Chute’s Plenary Talk To Highlight April 25-26 CompLit ConferencePublished: April 15, 2013
Continuing the longest-running event on campus, the 48th Annual Comparative Literature Conference hosted by the Department of Comparative World Literature and Classics returns to the Karl Anatol Center Thursday and Friday, April 25-26, on the topic “Popular Culture(s).”
The conference’s plenary speaker arrives on Friday, April 26, at 2 p.m. in the Anatol Center when Hillary Chute, the Neubauer Family Assistant Professor of English at the University of Chicago, will speak on “Literacy, Democracy, Comics.” The conference is co-sponsored by Associated Students Inc., the Associated Students of Comparative Literature and the Departments of English, Romance/German/Russian Languages and Literatures (RGRLL), and Women’s, Gender and Sexuality Studies.
One of the keys to a successful conference is the speaker, said organizer Nhora Serrano, a member of Comparative World Literature and Classics since 2006. “The speaker must appeal to faculty members and students,” she said. “The speaker must engage, must be fun and must be 10 things at once. That’s why I’m so glad we were able to attract Hilary Chute.”
Chute is a widely published author on graphic narratives whose most recent book, Graphic Women: Life Narrative and Contemporary Comics, arrived from Columbia University Press in 2010. She is also the associate editor of MetaMaus (Pantheon, 2011), a book by Art Spiegelman that examines the making of his terrain-shifting graphic narrative “Maus.”
The goal of the conference is to be an interdisciplinary gathering of scholars, artists and practitioners from all walks of popular culture, the arts and the academy. The aim, according to Serrano, is to consider the topic of popular culture across time, disciplines and languages.
“It seeks to examine literature, images, visual objects and mechanisms, the political and social events from diverse cultures, across national boundaries and within global contexts,” Serrano said.
Serrano was pleased by the quality of participant responses. “I was impressed in light of national and worldwide budget crises across academia. There are more than 50 participants taking part over two days. To see that level of participation during an economic downturn is especially satisfying,” she said. “Student participation reflects on the faculty members who are committed to the extra time it takes to prepare them. Their participation speaks to how much students and scholars love this conference.”
Presentations will feature both CSULB faculty members and students. Serrano pointed to the panel “From Tattooed Faces to Airbrushed Abs: Ancient Culture in the Modern World” on the conference’s opening day, April 25, at 9:30 a.m. and moderated by Comparative World Classics’ Kathryn Chew. Featured speakers include CSULB students Heather Blanchard, Jeffrey Chu and Angela Robinson.
Later that day, the “Medicine, Health and the Popular Body” panel will touch on the anorexic narrative of “The Hunger Games” and the potential for the misuse of empathy on reality TV. Serrano tipped her hat to the panel “Mexican and Mexican-American Impressions and Repressions” featuring a paper from UC Berkeley’s Dexter Hough-Snee titled “’Enjoy the Locals’: Imperial Rhetoric and Colonial Visions of Mexico in Contemporary Surf Film.”
“This is where the topic lends itself to interdisciplinary pursuits,” said Serrano. “This is an eclectic yet deeply serious series of topics.”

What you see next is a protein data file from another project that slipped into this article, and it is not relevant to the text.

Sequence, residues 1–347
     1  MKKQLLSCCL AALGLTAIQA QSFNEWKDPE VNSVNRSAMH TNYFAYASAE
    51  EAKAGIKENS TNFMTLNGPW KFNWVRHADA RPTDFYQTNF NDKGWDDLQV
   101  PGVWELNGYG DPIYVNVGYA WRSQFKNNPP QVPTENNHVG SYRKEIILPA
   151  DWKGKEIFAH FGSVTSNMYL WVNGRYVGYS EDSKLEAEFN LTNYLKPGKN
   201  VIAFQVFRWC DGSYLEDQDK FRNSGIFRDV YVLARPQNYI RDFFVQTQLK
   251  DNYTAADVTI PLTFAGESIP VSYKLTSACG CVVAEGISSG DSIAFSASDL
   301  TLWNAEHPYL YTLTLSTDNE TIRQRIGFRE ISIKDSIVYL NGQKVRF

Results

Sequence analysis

“Disability As Villainy in American Popular Media” is moderated by English’s Ilan Mitchell-Smith with an all-CSULB panel including Amanda Pisarski on “Uncovering Batman’s Arch Enemy: An Examination of the Use of Mental Illness in the Dark Knight Trilogy”, Kathryn Healy on “The Nameless Monster: Analysis of Antagonists with Albinism in ‘The Da Vinci Code’ and ‘The Princess Bride,’ and Sierra Patheal on “Voices and Names: Disability as Self and Other in George RR Martin’s ‘A Song of Ice and Fire.’”
“Here and There and Everywhere: Memes!” will feature CSULB’s Lisa Brown on “Agamben’s Whatever Being and Mustachioed Memes” and Comparative World Literature and Classics’ Mark Sugars on “Myths, Memes and Memory.”
“Blockbusters” will be hosted by CSULB’s Comparative World Literature and Classics’ Jordan Smith and will feature a presentation by RGRLL’s Jeffrey High on “From Wars of Liberation to `Star Wars’: Friedrich Schiller’s Pop Culture Legacy.” In a panel on “Non-Western Performances,” linguistics’ Amir Sharifi will speak on “The Oral Tradition of Degbeji, a Kurdish Genre of Verbal Art.” English’s Tim Caron will moderate a panel on “Comics and Super Identities.” Finally, a roundtable on “Popular Culture in the Creative Marketplace” will include English’s Tyler Dilts and recent CSULB MFA English creative writers.
Serrano is pleased by the opportunity offered by the conference for student growth. “Not only are students helping me to organize the conference, it is an opportunity to train them in the world of scholarship,” she said. “Plus, they have fun.”
The long-running conference represents a chance for Comparative World Literature and Classics students to build a community. “They work together beforehand, help to prepare materials and communicate with conference participants. It is a training opportunity they both want and relish,” she said. “This kind of community-building opportunity is especially important for a commuter campus like CSULB. This is how students become friends.”
Serrano encourages the campus and community to attend.
“With Hillary Chute’s plenary talk topic ‘Literacy, Democracy, Comics,’ you have the chance to mix the business of scholarship with a popular culture medium like comics, a fun topic,” she said. “This is an opportunity to hear students, faculty and other scholars. There’s something for everybody.”